Inspiration-wise, the overall visual idea of the era came from what SB19 wanted to share through the Pagsibol EP and its songs. The EP’s cover art came from a literal pagsibol, but “also still show the colors to represent the varying messages and rollercoaster of emotions triggered by the songs.” The concept photos, meanwhile, take inspiration from the individual songs on the album. “The layouts with song elements are the ones released as teasers for the EP—field layout for Version A (light) and projections for Version B (dark). The rest of the layouts are in line with the overall concept and continuity with the released Ikalawang Yugto photos as Pagsibol is a part of that comeback.”

Working on the Deck Updates Holo Art Design Studies Page

While it’s one thing to pitch an idea, it’s a whole other ball game to see that idea to fruition. And as Irmay shares, the process behind it all was anything but simple. “For the initial stages of planning and designing, we used that Malavida art for the dark version design studies and chose a similar, but light one for the other version. There were initially three design studies that we narrowed down to two. For the Pagsibol logo, we also initially used a placeholder. Then came the time when we had to create our own custom holo art and logo, which were a bit tricky.”

For the logo, it comes from the actual word pagsibol to sprout and grow. At the time, the only iteration of the logo was in the What? music video through gravel and plants. But that didn’t fit with the aesthetic of the EP. Luckily, they found a workaround through the use of holo art.

“We started creating the holo art intended for the dark version, so its solid color chunks were mostly black,” she says. “We had two studies for it. For the second one, which is the selected art for the EP, the colorful parts of the first study was replaced with a holographic foil-like graphic, which isn’t entirely created digitally. With the intention of having actual holographic foil on the colorful parts of this study when put on the physical copies of the photobooks, I wanted the digital holo art to have the colors and texture of a real holographic foil, which as I realized is something that would be easier to achieve through another way if I have the right source.”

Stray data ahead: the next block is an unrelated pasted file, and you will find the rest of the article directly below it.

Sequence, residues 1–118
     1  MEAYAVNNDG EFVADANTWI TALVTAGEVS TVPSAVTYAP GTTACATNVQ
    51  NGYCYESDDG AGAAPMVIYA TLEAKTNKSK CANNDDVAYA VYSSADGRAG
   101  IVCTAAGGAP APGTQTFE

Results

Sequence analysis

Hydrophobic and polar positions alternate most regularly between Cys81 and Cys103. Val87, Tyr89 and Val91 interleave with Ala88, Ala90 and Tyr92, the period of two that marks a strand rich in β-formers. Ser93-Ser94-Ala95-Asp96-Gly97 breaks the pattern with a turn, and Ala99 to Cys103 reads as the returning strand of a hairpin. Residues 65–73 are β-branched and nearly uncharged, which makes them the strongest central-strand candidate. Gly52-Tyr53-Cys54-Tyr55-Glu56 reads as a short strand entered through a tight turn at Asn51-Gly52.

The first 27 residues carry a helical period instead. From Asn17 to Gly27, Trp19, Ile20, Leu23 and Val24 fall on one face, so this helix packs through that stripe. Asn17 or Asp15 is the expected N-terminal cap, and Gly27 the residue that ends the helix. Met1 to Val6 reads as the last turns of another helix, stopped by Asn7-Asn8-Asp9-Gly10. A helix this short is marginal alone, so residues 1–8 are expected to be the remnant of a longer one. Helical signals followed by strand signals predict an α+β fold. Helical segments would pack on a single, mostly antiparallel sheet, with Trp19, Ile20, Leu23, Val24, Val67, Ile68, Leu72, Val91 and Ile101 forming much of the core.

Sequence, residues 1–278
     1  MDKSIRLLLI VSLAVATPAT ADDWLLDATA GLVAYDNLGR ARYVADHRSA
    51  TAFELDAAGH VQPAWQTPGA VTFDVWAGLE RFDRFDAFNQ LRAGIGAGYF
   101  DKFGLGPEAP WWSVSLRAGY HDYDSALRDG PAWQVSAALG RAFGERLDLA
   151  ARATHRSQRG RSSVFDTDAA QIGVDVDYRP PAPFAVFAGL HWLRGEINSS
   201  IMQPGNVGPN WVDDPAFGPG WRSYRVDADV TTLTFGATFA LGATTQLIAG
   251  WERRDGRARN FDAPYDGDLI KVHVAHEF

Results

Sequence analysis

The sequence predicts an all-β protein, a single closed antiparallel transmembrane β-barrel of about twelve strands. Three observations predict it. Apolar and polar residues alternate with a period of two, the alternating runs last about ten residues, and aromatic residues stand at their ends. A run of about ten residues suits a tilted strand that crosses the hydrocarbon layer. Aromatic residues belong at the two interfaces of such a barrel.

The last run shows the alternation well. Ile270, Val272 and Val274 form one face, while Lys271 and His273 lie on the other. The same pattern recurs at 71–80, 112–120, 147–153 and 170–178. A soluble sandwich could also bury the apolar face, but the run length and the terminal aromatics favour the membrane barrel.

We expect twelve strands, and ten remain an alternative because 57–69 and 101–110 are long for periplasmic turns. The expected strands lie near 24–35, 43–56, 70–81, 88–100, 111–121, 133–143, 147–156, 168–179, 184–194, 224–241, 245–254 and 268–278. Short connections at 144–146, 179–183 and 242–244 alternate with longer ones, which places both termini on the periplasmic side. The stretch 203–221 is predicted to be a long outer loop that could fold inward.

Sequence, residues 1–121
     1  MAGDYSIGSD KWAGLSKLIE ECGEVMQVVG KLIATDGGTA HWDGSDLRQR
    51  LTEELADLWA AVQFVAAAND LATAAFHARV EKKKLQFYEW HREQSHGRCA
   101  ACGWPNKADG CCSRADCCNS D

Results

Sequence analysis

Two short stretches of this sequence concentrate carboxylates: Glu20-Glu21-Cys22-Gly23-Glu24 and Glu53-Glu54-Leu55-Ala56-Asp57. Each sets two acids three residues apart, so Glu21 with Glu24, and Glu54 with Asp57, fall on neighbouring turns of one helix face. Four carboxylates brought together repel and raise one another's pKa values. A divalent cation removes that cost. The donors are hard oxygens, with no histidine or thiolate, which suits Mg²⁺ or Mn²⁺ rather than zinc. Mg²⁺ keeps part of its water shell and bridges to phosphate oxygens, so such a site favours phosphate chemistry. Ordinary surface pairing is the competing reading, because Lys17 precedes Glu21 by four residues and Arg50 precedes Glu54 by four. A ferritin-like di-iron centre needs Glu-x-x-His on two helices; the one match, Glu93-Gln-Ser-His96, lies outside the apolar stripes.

Brainstorming with Various Albums as References

So, what source was that? A holographic paper bag, as shared in this story of creativity and resourcefulness. “The paper bag I had was a bit crumpled as I’ve used it and had it for a while. So, I quickly went to the store where I bought it, which is just right across where I was living in Seoul, got another one, and as I was walking back home I took photos of it that later on got tweaked a bit digitally and ended up on the final holo art. The colors and texture you now see on that holo art is simply from a paper bag with reflected lights from a common street lamp somewhere in Seoul.”

Irmay was not alone when she worked on the project. She had a team with her, which included her sister Nina. The projections used for the concept photos were all custom graphics created by her team expect for the one used for MAPA, which as provided by ShowBT. Though Justin did have input as he gave his ideas for the graphics. Also, the SLMT text seen in one of the projections is Justin’s own handwriting. When all was said and done, Irmay and her team had all their assets ready which included the logo, holo arts, and the holo foil photo. She and her team also had to present over 20 studies for the cover art and chose a new design for the photobook box, which ended up as the full holo art with a debossed logo at the center you see now.


Irmay has worked on her fair share of creative projects. But she admits that working on SB19’s Pagsibol visuals was a lot to take in. “At first, I was just very thankful for the trust given to me. I was very happy as well because my ideas and work done were very well appreciated. But a different wave of emotions hit me during the next few weeks. Jah expressed his wishes that, even just remotely, I’d be allowed to coordinate and directly work with the other teams involved especially with the photography team. So, I was included in those meetings as well. It was no longer just pitching ideas; it was making sure that a good follow through is ensured.”